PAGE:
These pictures are hard to look at. They resist illusion. Under directional lights, the silver-plated copper fluctuates: positive becomes negative, matte and gloss reverse with every tilt of the head. The exposed fields alternate between silver and gold, fringed with blue and violet. I can see my contorted reflection in the surface highlights.
The vitrines form distinct ambulatories to guide traffic. I circle the cases, peering in at their treasure. After multiple trips, I am finally able to look through the plexiglass, smudged with the greasy imprints of eager viewers, past the scintillating frames, and past the surfaces of the pictures themselves, mottled and reflective, to see what Girault’s lens captured.
“This time, it is no longer the uncertain gaze of man that discovers shade or light from afar, it is no longer his trembling hand that reproduces upon unstable paper the changing scene of this world, carried away by the void.”2
The most inventively composed image in the show is not a view from Girault’s Mediterranean trip, but a still life in a Parisian garden. A bust modeled after the Venus de’ Medici is placed in front of an arched exterior doorway, overgrown with ivy and other foliage. Looking closely, a faint veil is visible, draped over the bust. Given the prolonged exposure necessary to render detail in the dark green leaves, a semi-translucent covering was necessary to avoid overexposure on the bright, reflective material of the sculpture.
Just a few years after Daguerre’s unveiling of his new process, Girault was already experimenting with the modulation of light and tampering with his subjects to create a more ideal composition. In a photograph of the ruins of the Temple of Horus at Edfu, Girault has moved the capital from a fallen column in order to isolate it, presenting it upside down as some alien mushroom cap. The more time is spent with the photographs, the more subjective this documentary vision becomes.
Two pictures of the church of Santi Luca e Martina in Rome, foregrounded by the ruins of the Temple of Vespasian, present drastically different visual experiences. By merely adjusting the exposure time for the plate, Girault composed two distinct ambiances: the longer exposure allows the church’s façade to gleam in the light, while in the shorter exposure, highlights are found only in the sky and the dispersed rubble, lending the entire scene a somber air, as if we were viewing some bombed out city. The sun—under whose democratic rays one would expect faithful representations, free from subjectivity—appears here as a tool endlessly manipulated by the artist’s hand.
That the majority of these pictures are uninhabited speaks both to the influence of the Western conception of these lands as ancient or primitive, as well as to the physical limitations of the medium. With exposure times of up to half an hour, capturing a living subject usually required a carefully considered pose. It is refreshing, then, to see the blur of a camel in the desert, or the ghostly imprints of figures in front of the Church of the Holy Sepulchre.
Girault’s camera surveys the landscape in a strange way, mirroring the erratic movements of his eye. Atop hills and towers, he composes moody panoramas, such as the foggy view of the Villa Medici, or the cluttered constructions of Rome as seen from the Column of Trajan. His eye scans horizontally, capturing the Great Mosque of Damascus in two frames, the plates accelerating laterally as if they were film stills. He trains his lens up the columns of the Temple of Jupiter at Baalbek, then focuses on the entablature, content to capture that skinny strip of shadow. Then, in moments of arresting stillness, he zooms in, letting a singular detail accumulate on the silver—the precise decoration on the portal of the Cathedral of San Lorenzo in Genoa, the radial fronds of a palm tree in Athens, the only mark of life in Girault’s portrayal of the ancient city.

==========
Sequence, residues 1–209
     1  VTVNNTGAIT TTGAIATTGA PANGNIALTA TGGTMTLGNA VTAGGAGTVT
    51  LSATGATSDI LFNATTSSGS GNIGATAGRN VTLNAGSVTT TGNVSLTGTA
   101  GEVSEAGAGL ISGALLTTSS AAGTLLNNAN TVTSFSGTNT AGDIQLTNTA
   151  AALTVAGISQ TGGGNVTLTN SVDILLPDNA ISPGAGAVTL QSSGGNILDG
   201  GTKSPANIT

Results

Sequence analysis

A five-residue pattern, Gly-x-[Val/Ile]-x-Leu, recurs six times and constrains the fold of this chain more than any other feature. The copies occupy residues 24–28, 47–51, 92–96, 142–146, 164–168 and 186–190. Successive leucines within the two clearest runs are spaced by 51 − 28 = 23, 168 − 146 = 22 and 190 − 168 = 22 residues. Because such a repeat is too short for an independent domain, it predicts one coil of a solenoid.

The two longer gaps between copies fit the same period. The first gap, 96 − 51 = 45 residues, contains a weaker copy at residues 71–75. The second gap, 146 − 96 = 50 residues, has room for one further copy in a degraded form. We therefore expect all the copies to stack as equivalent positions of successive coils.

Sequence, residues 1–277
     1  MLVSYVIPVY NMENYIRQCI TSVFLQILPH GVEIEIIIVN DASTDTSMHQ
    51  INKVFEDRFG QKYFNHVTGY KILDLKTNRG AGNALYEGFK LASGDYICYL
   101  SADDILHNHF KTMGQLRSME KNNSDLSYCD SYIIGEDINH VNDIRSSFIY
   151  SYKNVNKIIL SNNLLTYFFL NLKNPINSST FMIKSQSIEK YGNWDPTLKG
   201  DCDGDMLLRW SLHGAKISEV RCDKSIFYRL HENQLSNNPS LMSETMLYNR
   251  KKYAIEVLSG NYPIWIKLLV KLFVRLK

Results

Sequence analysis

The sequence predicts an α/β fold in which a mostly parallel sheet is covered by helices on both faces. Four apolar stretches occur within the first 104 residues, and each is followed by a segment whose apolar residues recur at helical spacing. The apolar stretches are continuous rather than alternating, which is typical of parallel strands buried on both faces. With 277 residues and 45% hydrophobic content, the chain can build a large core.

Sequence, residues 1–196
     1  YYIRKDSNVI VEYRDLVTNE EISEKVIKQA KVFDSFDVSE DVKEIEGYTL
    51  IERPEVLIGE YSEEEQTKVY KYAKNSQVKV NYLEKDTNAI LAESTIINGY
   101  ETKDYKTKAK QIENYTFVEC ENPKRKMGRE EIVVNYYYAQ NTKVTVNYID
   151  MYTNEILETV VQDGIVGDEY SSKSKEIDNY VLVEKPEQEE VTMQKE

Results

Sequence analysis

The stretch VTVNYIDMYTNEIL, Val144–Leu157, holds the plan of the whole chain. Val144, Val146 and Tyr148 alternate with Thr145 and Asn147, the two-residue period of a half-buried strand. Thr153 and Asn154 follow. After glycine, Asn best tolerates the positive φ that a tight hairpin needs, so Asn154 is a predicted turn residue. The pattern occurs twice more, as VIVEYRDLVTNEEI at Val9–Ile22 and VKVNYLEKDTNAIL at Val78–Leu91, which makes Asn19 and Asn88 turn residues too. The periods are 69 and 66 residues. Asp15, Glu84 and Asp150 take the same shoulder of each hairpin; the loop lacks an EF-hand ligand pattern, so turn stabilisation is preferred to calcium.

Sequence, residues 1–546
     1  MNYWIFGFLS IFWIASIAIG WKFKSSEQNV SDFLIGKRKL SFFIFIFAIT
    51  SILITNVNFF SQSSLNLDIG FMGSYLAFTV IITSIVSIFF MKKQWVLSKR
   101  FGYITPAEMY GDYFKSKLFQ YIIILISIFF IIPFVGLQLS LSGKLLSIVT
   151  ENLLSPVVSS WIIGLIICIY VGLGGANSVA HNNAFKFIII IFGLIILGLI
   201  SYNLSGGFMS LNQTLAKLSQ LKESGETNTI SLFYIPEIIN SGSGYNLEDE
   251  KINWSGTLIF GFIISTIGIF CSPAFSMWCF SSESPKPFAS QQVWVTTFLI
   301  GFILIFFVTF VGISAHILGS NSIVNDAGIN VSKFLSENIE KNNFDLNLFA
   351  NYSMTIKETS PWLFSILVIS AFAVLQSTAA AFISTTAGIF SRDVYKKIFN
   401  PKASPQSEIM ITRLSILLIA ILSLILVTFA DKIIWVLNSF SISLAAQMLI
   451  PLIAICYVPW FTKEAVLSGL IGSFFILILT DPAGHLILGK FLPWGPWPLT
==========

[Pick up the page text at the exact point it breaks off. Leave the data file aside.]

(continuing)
In a view of the Mosque of Amr ibn al-As in Cairo, the blue sky shines through a pointed arch. In longer exposures, the silver coating of daguerreotypes can sometimes turn into a bright cyan in the solarized highlights. That simple deep blue shape contains within it important evidence. At the time, the origin of the ogival arch was debated—was it Byzantine or Islamic? The Société française pour la conservation des monuments excitedly reported before Girault’s journey that he would employ the new daguerreotypes to study the origin of the Gothic arch. No doubt, the Société hoped for evidence that the arch derived from Roman, not Islamic sources. But, in photograph after photograph, the pointed arch appears integrated in the structure of ancient mosques. Modern consensus suggests that this invention of Islamic engineering began in Syria and made its way to Europe through Tunisia and Sicily.
Without Girault’s complete writings, it is hard to decipher the exact motivations and conclusions of his journey. His early writings, however, do tell us what he expected to find along the way: a civilization in its early stages, a mirage nurtured by fiction. In his 1841 Essai sur l’architecture des Arabes et de Mores en Sicile et en Barbarie, he presents the Arab world as nascent, just removed from nomadism: “The Arabs must have been, for a long time, strangers to the arts, to science and letters, those brilliant conquests of civilization.” Such thorough travel through the Middle East must have challenged Girault’s initial views, must have demonstrated regions rich in scientific and artistic development.